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The Association of Active Cancer With Venous Thromboembolism Location: A Population-Based Study

      OBJECTIVE

      To test active cancer for an association with venous thromboembolism (VTE) location.

      PATIENTS AND METHODS

      Using the resources of the Rochester Epidemiology Project, we identified all Olmsted County, MN, residents with incident VTE during the 35-year period 1966-2000 (N=3385). We restricted analyses to residents with objectively diagnosed VTE during the 17-year period from January 1, 1984, to December 31, 2000 (N=1599). For each patient, we reviewed the complete medical records in the community for patient age, gender, and most recent body mass index at VTE onset; VTE event type and location; and previously identified independent VTE risk factors (ie, surgery, hospitalization for acute medical illness, active cancer, leg paresis, superficial venous thrombosis, and varicose veins). Using logistic regression we tested active cancer for an association with each of 4 symptomatic VTE locations (arm or intra-abdominal deep venous thrombosis [DVT], intra-abdominal DVT, pulmonary embolism, and bilateral leg DVT), adjusted for age, gender, body mass index, and other VTE risk factors.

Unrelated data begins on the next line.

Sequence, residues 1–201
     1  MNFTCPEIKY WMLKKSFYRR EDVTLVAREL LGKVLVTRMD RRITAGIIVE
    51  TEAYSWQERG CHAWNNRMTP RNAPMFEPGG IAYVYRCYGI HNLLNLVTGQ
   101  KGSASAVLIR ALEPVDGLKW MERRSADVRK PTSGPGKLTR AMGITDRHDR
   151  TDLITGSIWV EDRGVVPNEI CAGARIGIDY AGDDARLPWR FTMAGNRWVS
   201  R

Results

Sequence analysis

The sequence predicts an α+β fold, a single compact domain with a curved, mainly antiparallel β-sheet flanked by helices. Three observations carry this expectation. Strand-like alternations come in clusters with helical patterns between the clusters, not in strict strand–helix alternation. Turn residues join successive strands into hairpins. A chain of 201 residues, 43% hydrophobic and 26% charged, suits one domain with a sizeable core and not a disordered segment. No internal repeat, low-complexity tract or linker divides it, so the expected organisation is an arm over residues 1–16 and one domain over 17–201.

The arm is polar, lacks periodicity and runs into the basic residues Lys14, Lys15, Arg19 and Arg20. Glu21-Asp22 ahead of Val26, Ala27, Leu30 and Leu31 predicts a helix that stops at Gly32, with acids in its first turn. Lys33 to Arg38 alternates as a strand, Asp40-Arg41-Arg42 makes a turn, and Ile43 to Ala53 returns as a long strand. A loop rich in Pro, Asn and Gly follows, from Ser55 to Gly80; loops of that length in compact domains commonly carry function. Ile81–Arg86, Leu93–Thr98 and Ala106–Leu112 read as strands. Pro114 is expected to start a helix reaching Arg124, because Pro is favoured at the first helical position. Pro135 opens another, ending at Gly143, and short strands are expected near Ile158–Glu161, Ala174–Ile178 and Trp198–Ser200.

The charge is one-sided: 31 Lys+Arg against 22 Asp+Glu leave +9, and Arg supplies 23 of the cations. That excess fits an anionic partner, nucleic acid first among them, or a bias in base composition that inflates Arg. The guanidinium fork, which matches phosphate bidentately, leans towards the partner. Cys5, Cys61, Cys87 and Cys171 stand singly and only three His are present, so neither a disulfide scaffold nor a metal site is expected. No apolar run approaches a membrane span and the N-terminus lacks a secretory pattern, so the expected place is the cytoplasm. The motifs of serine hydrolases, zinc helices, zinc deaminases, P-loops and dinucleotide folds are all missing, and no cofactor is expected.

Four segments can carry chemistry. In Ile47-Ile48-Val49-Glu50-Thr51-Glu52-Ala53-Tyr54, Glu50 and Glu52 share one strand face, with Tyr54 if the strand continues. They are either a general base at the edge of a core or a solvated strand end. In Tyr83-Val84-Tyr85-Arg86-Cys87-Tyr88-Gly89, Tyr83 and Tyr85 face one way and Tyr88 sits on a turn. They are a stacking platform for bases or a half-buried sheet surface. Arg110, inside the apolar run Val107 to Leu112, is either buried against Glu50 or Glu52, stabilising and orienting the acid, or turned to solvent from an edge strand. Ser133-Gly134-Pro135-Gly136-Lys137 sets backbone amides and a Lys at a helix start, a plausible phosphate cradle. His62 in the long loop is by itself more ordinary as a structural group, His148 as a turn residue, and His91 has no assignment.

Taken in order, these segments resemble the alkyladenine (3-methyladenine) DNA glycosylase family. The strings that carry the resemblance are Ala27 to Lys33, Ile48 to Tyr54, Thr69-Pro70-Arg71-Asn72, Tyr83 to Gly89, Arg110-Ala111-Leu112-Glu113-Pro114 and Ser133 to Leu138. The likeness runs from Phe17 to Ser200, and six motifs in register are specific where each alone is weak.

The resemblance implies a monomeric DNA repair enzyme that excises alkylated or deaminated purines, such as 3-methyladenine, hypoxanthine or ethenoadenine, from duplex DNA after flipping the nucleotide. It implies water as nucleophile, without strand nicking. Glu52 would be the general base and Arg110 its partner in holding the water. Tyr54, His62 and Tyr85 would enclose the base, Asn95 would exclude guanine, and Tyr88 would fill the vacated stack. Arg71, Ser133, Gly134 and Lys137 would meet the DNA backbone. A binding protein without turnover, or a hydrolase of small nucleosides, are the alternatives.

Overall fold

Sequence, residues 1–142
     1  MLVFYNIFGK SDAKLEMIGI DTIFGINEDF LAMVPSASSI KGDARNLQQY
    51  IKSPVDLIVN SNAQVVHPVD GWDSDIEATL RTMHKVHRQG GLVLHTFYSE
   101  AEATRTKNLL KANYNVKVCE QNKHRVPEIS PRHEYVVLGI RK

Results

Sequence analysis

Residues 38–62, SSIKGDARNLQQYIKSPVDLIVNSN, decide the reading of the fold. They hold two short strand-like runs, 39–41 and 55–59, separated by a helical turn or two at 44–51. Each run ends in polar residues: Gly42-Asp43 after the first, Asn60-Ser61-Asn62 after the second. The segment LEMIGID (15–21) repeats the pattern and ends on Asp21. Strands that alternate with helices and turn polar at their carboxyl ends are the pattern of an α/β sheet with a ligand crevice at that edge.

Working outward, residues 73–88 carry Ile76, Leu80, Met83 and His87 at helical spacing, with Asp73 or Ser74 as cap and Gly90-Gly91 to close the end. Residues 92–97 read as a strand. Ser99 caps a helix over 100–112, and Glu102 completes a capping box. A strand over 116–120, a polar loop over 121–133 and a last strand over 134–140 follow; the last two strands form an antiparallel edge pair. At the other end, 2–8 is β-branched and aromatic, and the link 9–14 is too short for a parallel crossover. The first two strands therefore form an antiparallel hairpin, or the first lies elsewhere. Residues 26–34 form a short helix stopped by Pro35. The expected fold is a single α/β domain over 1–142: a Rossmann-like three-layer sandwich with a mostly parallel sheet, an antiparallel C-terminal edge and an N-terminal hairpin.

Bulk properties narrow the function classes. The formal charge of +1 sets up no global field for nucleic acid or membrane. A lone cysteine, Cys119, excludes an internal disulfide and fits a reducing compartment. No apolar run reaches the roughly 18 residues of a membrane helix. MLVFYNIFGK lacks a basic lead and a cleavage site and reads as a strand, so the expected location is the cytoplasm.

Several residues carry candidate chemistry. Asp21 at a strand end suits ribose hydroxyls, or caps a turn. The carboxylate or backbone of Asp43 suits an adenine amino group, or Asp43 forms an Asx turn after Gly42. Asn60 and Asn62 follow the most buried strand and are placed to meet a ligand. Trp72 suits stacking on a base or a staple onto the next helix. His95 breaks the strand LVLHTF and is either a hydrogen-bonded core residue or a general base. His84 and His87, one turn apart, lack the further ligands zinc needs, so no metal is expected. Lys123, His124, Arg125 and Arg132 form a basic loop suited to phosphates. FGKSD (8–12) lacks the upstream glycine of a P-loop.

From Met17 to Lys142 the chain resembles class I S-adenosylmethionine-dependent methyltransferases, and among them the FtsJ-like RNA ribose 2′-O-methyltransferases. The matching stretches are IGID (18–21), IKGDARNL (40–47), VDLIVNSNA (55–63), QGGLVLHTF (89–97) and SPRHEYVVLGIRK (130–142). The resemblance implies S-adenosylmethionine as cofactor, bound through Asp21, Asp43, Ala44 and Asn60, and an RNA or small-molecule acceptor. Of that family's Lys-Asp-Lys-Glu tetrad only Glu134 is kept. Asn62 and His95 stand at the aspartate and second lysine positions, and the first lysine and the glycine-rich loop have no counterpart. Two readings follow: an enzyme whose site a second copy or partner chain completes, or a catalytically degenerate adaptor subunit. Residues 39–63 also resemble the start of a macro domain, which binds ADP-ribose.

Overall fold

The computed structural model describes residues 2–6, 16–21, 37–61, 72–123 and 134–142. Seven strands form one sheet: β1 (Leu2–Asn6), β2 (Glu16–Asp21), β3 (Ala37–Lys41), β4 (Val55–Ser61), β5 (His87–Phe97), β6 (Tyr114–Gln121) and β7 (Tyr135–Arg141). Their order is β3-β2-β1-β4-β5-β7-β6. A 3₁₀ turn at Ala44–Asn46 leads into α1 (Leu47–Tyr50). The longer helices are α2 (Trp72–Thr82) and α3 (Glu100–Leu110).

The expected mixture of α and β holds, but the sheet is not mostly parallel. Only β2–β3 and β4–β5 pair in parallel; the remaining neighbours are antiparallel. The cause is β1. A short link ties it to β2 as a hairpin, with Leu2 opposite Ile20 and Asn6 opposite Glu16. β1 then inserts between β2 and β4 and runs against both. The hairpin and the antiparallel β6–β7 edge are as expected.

RESULTS

      In multivariate analyses, active cancer was independently associated with arm or intra-abdominal DVT (odds ratio [OR], 1.76; P=.01), intra-abdominal DVT (OR, 2.22; P=.004), and bilateral leg DVT (OR, 2.09; P=.02), but not pulmonary embolism (OR, 0.93).

      CONCLUSION

      Active cancer is associated with VTE location. Location of VTE may be useful in decision making regarding cancer screening.
      BMI (body mass index), CI (confidence interval), CTEPH (chronic thromboembolic pulmonary hypertension), DVT (deep venous thrombosis), OR (odds ratio), PE (pulmonary embolism), VTE (venous thromboembolism)
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